To check if the problem is with the device you are backing up to, you could try the following:
If you back up to a server, hold down the Option/Alt key on your keyboard while clicking the Time Machine icon in the menu bar, then choose Verify Backups. If Time Machine finds an issue with your backup, it will display a message with details. Follow the onscreen instructions.
If you back up to an external drive, check that there isn’t a problem with the drive you are backing up to. First open Time Machine preferences and turn Time Machine off by deselecting Back Up Automatically, then open Disk Utility (press cmd+spacebar and search for Disk Utility), select the backup device, and use First Aid to check the external backup drive.
If you find that the drive isn’t formatted properly – it needs to be Mac OS Extended (Journaled) with a GUID Partition Table (GPT) or it won’t work with Time Machine – use Disk Utility to reformat the disk. If you have to reformat you will lose what’s on the drive, so make a copy first or find another drive and use that.
Time Machine failed due to lack of space
If Time Machine is unable to complete the backup because there is insufficient space there are a few things you can do.
You could choose to exclude items from your backup. Follow these steps:
- Click the Time Machine icon in your menu and choose Time Machine preferences (or open Time Machine from System Preferences).
- Click on Options
- Click on + and locate any files and folders you want to leave out of the backup. If you have iTunes Match, for example, you could choose not to back up your music library because it will already be backed up in Apple’s iCloud.
- Alternatively, you could delete old backups from your storage device, although Time Machine should do this itself as time progresses. Open the storage drive in your Finder and locate the backup files in the Backups.backupdb folder. Find some of the older files and delete (you’ll also have to remove them from the trash).
We have a separate article on What to do when Time Machine backup is full here.
The first time you back up using Time Machine, expect it to take some time. Time Machine copies nearly all of the data on your Mac. At least you can keep using your Mac while Time Machine works in the background to back up your data.
If you recently upgraded macOS that could also cause Time Machine to take longer to complete a backup.
It might also take a while to back up your Mac with Time Machine if your previous backup was interrupted, or if a lot of files have changed, perhaps because the back up device hasn’t been plugged in for some time.
In these cases you could exclude some items from the backup so there isn’t as much data to back up, as above.
If you are backing up over a network to a server, or to a network attached storage device (NAS), it might be faster if you move your Mac to the same room as your router, or connect the storage device to your Mac, or the Mac to your router via an Ethernet cable. This should speed up your network.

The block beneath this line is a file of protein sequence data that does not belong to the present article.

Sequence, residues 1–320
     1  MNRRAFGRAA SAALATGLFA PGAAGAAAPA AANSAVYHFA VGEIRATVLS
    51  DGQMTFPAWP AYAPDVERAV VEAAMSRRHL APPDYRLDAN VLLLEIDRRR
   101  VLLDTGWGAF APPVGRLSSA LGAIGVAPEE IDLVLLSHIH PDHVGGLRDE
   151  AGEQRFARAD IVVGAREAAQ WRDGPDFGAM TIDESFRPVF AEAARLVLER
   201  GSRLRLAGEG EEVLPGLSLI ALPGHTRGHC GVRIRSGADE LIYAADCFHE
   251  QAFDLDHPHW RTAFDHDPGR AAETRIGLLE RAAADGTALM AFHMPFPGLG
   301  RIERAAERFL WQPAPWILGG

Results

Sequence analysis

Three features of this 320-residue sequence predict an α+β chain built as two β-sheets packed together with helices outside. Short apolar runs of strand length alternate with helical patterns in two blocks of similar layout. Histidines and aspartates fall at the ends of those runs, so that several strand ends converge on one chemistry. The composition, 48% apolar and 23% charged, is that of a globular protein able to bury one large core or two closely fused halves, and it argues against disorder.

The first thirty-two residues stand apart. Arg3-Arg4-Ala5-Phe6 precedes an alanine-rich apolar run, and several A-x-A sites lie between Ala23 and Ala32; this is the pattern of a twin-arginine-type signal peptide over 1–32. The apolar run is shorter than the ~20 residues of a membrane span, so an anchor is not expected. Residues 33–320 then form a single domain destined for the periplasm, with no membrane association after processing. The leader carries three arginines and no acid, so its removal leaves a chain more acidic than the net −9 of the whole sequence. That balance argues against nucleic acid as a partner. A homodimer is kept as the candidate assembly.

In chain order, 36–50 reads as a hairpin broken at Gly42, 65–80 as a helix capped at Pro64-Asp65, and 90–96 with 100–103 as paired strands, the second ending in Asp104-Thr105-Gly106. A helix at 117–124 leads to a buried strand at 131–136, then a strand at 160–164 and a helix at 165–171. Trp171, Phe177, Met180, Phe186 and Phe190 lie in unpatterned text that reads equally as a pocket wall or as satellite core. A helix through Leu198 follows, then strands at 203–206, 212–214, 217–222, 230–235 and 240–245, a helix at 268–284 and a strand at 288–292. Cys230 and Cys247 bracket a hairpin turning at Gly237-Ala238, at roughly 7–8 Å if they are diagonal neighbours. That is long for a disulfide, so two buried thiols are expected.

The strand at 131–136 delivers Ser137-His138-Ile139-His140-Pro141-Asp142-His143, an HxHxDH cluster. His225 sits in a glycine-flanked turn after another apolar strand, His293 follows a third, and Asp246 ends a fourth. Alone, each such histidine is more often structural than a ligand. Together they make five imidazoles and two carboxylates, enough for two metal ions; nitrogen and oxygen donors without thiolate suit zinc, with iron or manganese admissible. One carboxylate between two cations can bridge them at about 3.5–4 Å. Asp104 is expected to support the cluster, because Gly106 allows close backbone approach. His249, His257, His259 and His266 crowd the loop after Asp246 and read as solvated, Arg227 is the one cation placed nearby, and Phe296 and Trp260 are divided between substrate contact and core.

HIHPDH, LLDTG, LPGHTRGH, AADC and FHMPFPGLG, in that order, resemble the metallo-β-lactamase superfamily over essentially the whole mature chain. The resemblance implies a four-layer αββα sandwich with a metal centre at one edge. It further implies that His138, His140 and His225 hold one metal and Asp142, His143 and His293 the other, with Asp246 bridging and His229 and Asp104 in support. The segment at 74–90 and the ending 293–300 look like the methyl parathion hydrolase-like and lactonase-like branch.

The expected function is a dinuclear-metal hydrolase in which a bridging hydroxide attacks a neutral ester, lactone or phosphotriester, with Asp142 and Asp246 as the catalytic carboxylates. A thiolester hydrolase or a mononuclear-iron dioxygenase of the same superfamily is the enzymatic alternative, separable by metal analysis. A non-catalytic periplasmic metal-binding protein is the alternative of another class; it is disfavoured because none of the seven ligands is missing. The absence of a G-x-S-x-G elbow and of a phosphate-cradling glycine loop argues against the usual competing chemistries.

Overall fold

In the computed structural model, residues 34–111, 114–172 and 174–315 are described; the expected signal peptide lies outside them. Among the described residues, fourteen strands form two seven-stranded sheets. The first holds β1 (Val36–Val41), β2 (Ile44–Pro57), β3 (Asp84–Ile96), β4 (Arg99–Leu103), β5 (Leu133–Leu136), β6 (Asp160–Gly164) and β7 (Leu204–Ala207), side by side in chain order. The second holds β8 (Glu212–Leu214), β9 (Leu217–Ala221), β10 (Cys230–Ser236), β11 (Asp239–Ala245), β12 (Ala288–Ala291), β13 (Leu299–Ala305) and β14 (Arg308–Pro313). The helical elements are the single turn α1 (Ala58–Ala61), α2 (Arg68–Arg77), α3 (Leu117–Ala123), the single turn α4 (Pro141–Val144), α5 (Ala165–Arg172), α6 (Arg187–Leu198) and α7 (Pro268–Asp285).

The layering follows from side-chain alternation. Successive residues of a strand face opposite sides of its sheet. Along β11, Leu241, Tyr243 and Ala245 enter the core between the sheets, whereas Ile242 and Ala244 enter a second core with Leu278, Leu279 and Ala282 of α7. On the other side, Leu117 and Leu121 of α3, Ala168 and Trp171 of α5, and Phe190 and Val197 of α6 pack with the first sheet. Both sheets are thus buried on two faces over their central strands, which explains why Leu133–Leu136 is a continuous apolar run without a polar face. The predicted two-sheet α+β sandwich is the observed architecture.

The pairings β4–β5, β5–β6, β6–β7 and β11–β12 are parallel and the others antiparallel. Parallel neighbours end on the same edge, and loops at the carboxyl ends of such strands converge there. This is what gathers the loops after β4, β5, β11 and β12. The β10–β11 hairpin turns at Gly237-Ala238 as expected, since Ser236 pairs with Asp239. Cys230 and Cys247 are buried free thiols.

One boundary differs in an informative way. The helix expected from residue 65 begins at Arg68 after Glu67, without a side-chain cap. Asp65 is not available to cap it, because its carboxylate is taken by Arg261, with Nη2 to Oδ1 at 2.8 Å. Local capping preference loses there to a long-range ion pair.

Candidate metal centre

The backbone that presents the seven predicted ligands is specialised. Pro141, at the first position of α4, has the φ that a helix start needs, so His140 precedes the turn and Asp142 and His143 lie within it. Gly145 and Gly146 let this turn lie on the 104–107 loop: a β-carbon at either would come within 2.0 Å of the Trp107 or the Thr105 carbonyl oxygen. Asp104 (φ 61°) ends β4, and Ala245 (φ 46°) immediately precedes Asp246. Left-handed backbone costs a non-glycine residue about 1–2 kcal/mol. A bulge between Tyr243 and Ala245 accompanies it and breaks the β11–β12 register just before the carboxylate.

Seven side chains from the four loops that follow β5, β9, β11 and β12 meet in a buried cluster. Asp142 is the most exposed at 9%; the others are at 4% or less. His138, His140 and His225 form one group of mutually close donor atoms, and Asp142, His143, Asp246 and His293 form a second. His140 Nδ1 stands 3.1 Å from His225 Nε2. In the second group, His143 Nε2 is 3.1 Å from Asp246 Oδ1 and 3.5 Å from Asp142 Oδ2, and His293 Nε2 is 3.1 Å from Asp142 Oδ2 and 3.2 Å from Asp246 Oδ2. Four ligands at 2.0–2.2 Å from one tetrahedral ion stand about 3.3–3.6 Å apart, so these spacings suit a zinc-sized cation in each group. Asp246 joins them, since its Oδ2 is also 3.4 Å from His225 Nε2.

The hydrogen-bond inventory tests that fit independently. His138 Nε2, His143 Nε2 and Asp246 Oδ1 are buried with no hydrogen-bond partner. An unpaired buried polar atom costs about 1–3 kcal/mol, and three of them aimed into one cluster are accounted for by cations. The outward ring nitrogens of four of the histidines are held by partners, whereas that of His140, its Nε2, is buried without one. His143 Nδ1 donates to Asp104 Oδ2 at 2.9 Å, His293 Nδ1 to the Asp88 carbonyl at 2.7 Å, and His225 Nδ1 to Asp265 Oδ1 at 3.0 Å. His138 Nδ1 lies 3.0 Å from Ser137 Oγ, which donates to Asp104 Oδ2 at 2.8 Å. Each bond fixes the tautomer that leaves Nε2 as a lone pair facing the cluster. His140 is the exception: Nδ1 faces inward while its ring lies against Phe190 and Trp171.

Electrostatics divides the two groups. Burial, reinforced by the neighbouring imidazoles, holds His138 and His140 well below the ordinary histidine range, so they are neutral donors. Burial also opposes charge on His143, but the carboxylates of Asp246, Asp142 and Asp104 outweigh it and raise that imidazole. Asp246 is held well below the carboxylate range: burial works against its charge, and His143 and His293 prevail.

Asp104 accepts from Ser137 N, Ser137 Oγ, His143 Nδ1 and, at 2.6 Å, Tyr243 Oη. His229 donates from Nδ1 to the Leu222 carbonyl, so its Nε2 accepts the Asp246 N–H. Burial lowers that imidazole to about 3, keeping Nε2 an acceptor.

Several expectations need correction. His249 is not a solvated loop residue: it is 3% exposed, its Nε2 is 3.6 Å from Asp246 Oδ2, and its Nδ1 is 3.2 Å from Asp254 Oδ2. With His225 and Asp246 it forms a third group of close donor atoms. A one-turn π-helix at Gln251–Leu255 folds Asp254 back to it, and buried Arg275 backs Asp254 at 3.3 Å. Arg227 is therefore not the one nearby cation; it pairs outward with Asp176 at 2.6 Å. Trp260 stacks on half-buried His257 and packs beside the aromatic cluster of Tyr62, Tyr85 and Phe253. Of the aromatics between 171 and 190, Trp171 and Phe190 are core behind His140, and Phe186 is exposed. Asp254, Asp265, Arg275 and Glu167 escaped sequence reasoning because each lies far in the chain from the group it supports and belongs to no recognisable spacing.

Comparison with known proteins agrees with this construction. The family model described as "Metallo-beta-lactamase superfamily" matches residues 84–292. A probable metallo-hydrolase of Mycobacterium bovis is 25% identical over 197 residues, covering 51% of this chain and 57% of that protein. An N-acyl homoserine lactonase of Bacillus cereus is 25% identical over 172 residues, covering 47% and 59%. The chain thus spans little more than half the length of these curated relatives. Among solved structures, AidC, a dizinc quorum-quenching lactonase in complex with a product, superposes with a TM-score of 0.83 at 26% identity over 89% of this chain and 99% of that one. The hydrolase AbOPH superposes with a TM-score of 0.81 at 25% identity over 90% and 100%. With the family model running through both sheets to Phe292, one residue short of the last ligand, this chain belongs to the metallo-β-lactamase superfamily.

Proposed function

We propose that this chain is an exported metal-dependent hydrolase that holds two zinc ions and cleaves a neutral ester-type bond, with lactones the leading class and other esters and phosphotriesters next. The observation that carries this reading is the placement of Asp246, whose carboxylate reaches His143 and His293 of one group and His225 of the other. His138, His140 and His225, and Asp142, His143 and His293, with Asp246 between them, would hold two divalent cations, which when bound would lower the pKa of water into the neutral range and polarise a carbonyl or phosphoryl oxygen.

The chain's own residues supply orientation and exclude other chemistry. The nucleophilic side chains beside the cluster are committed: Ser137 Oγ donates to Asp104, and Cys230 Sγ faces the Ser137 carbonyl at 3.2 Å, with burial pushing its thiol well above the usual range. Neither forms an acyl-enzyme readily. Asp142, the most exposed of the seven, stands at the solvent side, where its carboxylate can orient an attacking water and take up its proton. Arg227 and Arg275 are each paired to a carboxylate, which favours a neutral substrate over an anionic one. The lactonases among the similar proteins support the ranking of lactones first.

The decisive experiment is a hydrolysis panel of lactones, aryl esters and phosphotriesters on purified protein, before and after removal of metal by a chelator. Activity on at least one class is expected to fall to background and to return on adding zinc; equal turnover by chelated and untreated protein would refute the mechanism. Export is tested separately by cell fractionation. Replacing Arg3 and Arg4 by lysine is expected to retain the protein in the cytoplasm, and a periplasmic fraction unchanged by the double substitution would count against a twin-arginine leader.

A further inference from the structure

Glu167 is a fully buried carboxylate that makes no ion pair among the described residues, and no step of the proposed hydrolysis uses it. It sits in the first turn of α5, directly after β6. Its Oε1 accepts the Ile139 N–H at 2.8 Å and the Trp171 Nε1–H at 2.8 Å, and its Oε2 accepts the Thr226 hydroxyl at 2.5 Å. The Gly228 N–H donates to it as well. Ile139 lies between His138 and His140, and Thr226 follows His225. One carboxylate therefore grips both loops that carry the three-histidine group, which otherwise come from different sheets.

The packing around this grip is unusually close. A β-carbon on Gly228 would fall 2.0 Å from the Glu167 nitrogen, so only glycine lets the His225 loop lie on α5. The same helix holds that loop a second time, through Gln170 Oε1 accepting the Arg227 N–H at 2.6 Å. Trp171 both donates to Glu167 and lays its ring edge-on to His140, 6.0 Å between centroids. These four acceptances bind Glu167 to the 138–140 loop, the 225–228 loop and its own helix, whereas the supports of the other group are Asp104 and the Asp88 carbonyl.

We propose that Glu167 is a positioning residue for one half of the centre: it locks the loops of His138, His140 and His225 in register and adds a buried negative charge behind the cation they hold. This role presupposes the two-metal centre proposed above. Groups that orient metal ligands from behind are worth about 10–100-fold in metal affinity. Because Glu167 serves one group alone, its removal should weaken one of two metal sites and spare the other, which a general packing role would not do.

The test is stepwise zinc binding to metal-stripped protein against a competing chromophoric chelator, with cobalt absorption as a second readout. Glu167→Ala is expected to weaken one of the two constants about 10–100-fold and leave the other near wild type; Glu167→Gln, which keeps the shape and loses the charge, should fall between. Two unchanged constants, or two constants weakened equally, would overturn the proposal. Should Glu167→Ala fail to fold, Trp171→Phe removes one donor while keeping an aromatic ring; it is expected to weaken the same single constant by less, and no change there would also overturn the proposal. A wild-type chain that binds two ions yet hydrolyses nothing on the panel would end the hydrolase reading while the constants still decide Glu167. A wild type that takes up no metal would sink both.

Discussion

If you’re using virtualisation software to run other operating systems on your Mac, there might be large disk images including data related to those the other operating systems on your Mac. You might only have changed a few files on in other OS, but Time Machine could back up the whole disk image. For this reason you might want to tell Time Machine to exclude these files when it backs up.
Another thing that can interfere with your backups is Anti Virus software. You might want to exclude your backup drive from the virus scan.
If things are still slow, make sure your software is up to date, restart your Mac, and, if you are backing up over a network, restart your router.
Back up your Mac while asleep
If your Mac supports Power Nap it can perform Time Machine backups while it’s asleep or the lid is shut. It just needs to be plugged into the mains.
- You can find Power Nap in System Preferences > Energy Saver.
- Choose Enable Power Nap while plugged into a power adaptor if it’s not already selected under Power Adapter.
How to back up multiple Macs
If you have more than one Mac you don’t need more than one external drive for your backups. You can backup more than one Mac to your Time Machine drive. You’ll need a external drive big enough to accommodate all the backups though – it’s recommended that you add up the space currently used by all your Macs and multiply that by 1.2 for the absolute minimum you will need.
You could just plug your Time Machine backup drive into another Mac. That Mac will start recording its own backups to a separate folder on that drive.
If you don’t fancy plugging and unplugging the drive all the time you can back up over the network – but beware that this might be slower than doing so via a wired connection. You could set up a network attached storage device, or a macOS Server, or you could use Personal File Sharing and connect both Macs via the network.
That’s how to backup your Mac using Time Machine. For our guide to using Time Machine to restore or recover a file from your backup read this: How to restore files to my Mac using Time Machine.